Wednesday, February 27, 2013

Nibbling Away at City Autonomy

I recently attended a presentation on the growing urbanism of Sacramento and the projects that will help it to achieve a successful future. 

I spent my high school years in a suburb of Sacramento.  Like many youths, I was eager to see other parts of the world.  At that age, I couldn’t visualize myself ever returning to Sacramento.  But in adulthood, Sacramento looks far less provincial and boring.  I welcome my occasional opportunities to wander its leafy streets.  And I find that many of my classmates, who were just as eager to depart as I, have now returned to the Sacramento area.

With my enlightening attitude toward the River City, I was pleased about the number of urban elements that are coming together in Sacramento, from transit systems to mixed-use housing to civic amenities.

However, there were a couple of disappointing moments during the presentation.  Moments that cast doubt on our ability to create healthy cities.

First, Congresswoman Doris Matsui proudly explained that the federal government is now looking for “ancillary benefits” for new projects, such as reduced emissions or improved access to affordable housing.  Those are admirable benefits, but I was disappointed not to hear “economic sustainability” or “financially supportable” on the list.  If we don’t look to long-term maintenance issues, we make our cities depending on continuing federal largesse.  And given the news out of Washington, D.C. this week, that isn’t a good place for cities to be.

Even more concerning was a later comment by John Dangberg, Assistant City Manager for Sacramento.  Dangberg acknowledged that we live in a time when cities are dependent on federal assistance for many projects and that the federal funds don’t always conform to perceived local needs.  As he described it, the role of a city is to identify available funds and then to tweak the funding as much as possible to serve local desires.

I’m often skeptical about the ability of a city to accurately scope local projects, given the need to balance public opinion, the agendas of elected officials, and the knowledgeable if sometimes locally-ignorant input from consultants.  To refract that dubious consensus through the ivory tower prism that is Capitol Hill is a recipe for the inefficient use of limited funds.

I’ve written before that cities may be the best laboratories for 21st century problem-solving.  But for them to fill that role, we need to give them the freedom to find their own paths.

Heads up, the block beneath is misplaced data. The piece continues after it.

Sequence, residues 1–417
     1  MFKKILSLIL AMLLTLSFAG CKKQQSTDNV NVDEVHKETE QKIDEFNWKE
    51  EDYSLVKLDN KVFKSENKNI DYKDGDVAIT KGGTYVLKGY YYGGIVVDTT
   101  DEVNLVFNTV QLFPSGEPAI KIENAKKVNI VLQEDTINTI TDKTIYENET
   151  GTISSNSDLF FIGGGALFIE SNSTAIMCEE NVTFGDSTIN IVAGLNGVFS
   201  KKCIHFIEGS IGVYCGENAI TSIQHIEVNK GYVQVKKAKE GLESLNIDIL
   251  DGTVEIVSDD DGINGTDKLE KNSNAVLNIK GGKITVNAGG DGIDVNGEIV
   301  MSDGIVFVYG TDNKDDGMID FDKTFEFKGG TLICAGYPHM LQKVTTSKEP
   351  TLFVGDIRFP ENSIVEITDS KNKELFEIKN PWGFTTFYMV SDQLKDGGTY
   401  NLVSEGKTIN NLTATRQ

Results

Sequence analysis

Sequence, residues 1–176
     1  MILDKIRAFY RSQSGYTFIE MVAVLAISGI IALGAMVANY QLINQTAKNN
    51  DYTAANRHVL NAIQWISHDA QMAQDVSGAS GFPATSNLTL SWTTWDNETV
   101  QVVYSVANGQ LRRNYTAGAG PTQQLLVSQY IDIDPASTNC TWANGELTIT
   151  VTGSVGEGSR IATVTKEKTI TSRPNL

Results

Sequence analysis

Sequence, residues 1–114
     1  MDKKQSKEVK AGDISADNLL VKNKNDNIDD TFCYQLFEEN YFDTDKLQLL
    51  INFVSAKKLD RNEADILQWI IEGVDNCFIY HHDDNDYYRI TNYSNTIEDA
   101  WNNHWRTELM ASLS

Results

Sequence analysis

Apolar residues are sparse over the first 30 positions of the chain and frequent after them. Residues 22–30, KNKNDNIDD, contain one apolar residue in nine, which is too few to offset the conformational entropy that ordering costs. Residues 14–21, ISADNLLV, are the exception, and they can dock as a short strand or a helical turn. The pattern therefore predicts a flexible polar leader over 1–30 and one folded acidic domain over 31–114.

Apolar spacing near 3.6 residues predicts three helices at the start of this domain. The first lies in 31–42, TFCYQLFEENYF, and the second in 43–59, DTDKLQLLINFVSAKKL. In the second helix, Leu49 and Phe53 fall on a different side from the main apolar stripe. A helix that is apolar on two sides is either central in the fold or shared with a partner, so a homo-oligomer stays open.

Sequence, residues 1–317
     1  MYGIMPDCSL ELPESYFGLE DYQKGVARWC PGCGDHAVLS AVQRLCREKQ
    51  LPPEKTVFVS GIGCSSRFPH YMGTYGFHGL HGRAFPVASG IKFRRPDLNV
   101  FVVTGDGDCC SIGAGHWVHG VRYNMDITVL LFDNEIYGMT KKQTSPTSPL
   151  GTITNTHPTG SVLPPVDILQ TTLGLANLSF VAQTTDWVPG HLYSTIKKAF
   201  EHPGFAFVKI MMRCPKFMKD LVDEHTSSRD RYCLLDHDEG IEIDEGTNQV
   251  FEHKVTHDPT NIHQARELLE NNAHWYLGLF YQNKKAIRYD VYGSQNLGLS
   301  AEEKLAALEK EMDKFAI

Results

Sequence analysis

I don’t mean to criticize Dangberg for his comments.  In fact, his candor was refreshing.  There are times to criticize rules.  And there are times to swallow and to play the game under the rules that exist.  It often takes wisdom to know the difference.

One last thought.  Some may interpret a call for smarter government “investments” as a call for government austerity.  I’m not one of those.  I think government has the inevitable duty to help us adjust to a world in which resources are stretched thin and dire environmental consequences are looming.  And to fill that role effectively, government must be smart.  Not small, but smart.

As always, your questions or comments will be appreciated.  Please comment below or email me.  And thanks for reading. - Dave Alden (


  1. I was recently listening to a podcast of the Petaluma City Council talking about the garbage contract renewal, and ways to structure the new revenue from that process into debt so as to lock it up for infrastructure maintenance, away from the control of future City Councils.

    It wasn't 'til I read this piece that I realized that what they were saying was that the current Council members were saying that they could predict the future better than future Council members could react to the actual future.

    1. Dan, it has long been an observation of mine that public bodies often believe that they have a solid vision for the future, but lack the funds to implement it. So instead they authorize a study to document their vision and make it mandatory on later generations. By the time some later generation might truly have the resources to implement a project, any ideas are so fully constrained by a multitude of prior studies that little can be done. And every opponent has grounds for legal challenges.

      Nor is the problem limited to public bodies. A great many wills and trusts try to exert control from beyond the grave. Look at "Downton Abbey".